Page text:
Not sure that they would fare too badly against Aussie state teams. The NZA team has been pretty competitive in the Emerging Players Tournament. I think Brownlie is someone who really demanded selection following his performances in that competition.
I remember there was a lot of hoopla about the live-in academy at Lincoln opening in the 90's. That seemed to be based on the Australian set up which had produced a number of stars. Why did that fall out of favour? Was it too expensive, or seen as ineffective? I remember Greg Loveridge who was in the original intake was critical of it, but hadn't read much else about why they moved away from that set up.
Last edited by jcas0167; 25-02-2013 at 03:40 AM.
Martin Crowe and Iain O'Brien were pretty scathing. Phrases like 'outstanding disaster' and 'generation ruined' bandied about pretty liberally...
Martin Crowe : Martin Crowe: Why can't New Zealand score more hundreds? | Cricinfo Magazine | ESPN Cricinfo
Guest Column : Iain O'Brien: New Zealand's young attack a product of injury crisis | Cricinfo Magazine | ESPN CricinfoDuring this time, in 1998, the New Zealand board set up an academy in Lincoln. Coaches and professors from Victoria were flown in. But any hope that the next generation would be given assistance and expertise on how to post world-class scores soon fell apart. It was an outstanding disaster.
Biomechanics became the new buzzword for New Zealand's finest batting talent. The theory passed on was that hand speed and power efficiency "through the shot" was everything. Out the window went footwork, body position, soft hands and hitting the ball late below the eyes. In came heavier bats, high backlifts, minimal footwork and going hard at the ball.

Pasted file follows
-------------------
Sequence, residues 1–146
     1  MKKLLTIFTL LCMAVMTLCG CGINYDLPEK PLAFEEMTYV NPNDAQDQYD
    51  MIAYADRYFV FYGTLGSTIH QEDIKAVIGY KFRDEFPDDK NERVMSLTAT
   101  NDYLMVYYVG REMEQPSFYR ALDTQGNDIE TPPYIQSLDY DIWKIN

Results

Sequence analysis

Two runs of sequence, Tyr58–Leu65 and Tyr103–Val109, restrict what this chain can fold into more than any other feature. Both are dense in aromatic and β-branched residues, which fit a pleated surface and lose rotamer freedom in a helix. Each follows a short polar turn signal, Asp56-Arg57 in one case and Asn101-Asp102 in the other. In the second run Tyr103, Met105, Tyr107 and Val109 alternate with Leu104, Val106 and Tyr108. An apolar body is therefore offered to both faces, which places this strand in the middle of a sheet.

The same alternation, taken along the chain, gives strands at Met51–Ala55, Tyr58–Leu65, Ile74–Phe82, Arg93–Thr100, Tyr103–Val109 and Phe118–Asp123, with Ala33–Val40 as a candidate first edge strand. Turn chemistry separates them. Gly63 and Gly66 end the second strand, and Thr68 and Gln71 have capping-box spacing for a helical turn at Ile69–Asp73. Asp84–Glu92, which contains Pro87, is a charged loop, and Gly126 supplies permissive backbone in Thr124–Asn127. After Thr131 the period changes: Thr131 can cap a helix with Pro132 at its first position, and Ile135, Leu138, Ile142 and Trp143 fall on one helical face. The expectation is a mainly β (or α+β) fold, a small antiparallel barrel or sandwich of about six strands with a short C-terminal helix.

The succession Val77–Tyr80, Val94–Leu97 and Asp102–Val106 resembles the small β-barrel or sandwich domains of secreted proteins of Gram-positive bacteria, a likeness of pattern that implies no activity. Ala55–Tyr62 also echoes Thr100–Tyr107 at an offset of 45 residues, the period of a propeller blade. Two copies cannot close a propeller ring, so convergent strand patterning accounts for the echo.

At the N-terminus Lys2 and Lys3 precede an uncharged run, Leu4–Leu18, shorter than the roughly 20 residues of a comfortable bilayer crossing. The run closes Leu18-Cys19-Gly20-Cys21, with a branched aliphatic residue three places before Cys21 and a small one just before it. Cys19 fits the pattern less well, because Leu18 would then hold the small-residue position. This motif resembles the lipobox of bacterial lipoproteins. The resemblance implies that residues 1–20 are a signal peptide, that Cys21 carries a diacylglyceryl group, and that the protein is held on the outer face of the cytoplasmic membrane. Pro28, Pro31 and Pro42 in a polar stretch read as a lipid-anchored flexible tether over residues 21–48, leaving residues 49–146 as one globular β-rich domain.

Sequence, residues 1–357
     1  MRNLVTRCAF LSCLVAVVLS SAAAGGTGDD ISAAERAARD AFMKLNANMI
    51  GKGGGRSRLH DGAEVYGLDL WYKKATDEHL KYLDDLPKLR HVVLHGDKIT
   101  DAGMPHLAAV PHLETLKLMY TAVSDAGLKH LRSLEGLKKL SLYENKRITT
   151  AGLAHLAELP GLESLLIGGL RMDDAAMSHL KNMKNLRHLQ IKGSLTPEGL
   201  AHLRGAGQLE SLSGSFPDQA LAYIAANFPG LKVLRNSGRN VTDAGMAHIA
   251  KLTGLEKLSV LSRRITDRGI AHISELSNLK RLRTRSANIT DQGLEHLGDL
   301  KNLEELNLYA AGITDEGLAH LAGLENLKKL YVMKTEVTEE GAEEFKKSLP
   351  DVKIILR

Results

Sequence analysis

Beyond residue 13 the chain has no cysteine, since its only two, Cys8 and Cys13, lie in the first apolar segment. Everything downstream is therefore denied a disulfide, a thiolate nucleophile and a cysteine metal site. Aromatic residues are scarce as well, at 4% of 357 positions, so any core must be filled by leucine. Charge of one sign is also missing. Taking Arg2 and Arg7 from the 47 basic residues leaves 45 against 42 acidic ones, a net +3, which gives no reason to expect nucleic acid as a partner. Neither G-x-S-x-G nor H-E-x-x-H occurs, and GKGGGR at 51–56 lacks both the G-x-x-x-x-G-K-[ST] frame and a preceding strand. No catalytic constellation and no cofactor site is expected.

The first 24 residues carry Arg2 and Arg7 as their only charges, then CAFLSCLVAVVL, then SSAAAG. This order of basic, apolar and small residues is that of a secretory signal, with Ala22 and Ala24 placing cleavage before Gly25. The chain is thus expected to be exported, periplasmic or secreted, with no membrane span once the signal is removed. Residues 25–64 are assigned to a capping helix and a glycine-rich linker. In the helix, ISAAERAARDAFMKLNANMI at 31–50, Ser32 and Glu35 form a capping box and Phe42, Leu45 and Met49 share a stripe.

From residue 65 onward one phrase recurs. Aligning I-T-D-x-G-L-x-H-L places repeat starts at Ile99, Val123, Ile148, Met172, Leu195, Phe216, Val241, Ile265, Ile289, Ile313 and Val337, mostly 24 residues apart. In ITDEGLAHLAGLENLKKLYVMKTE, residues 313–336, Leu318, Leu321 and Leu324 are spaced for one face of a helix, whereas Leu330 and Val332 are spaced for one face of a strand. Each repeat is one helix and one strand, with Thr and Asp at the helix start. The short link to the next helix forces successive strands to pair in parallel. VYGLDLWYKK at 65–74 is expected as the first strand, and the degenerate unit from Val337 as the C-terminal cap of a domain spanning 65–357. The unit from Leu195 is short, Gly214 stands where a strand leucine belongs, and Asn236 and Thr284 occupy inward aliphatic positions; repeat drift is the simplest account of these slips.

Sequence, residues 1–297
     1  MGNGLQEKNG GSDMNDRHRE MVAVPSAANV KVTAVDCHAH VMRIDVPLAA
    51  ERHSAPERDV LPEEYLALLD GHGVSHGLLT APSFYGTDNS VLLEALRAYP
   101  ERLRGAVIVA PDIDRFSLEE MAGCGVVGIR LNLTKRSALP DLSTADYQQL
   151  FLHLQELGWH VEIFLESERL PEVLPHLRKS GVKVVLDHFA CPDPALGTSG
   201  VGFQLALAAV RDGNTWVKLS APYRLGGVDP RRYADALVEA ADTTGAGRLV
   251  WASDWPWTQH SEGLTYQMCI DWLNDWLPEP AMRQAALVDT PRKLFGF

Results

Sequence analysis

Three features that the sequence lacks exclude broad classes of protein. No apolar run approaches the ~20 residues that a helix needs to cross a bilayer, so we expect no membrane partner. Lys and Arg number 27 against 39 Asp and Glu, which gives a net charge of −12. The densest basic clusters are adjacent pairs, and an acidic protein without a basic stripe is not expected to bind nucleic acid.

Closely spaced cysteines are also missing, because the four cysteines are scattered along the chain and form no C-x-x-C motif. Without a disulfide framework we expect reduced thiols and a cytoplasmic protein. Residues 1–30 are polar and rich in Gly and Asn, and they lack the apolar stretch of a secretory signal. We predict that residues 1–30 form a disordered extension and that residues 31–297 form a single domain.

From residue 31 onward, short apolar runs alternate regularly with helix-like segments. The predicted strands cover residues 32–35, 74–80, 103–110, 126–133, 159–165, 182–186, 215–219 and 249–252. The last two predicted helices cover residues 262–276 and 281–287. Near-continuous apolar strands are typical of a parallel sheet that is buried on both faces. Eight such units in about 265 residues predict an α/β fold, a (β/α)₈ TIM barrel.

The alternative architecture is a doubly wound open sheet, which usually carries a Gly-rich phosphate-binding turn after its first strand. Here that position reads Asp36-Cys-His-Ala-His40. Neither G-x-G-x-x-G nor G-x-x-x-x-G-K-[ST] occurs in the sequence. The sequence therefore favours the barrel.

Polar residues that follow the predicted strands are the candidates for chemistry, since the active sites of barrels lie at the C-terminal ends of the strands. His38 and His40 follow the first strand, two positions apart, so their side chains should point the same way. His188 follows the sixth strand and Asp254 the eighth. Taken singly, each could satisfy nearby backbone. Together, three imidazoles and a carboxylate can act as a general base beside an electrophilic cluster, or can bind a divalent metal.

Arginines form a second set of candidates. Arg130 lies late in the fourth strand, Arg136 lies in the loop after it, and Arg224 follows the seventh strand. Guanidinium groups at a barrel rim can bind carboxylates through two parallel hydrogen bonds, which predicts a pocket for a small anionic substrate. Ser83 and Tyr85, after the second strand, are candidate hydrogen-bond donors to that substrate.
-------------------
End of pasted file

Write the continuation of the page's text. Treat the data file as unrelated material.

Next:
The academy took the best young players in the country and, for the winter, based them in Lincoln, Christchurch. The reward was coaching, an end-of-winter tour, and an opportunity to eat, sleep and breathe cricket for the off-season.
That all sounds great to a youngster. The issue was - and the system has now changed considerably - that all the bowlers who were sent to the academy were, in essence, turned into clones. Bowling actions were not just tweaked, they were thrown out and a complete remodelling process was started.
This "cloned" action was one based mostly on biomechanics. It was seen that this action was the most economical from an energy-output-to-pace-attained perspective. This action was seen to be the safest in relation to injury prevention. It was also seen to be the best from a technical point of view, as it allowed bowlers to swing it both ways with a similar action.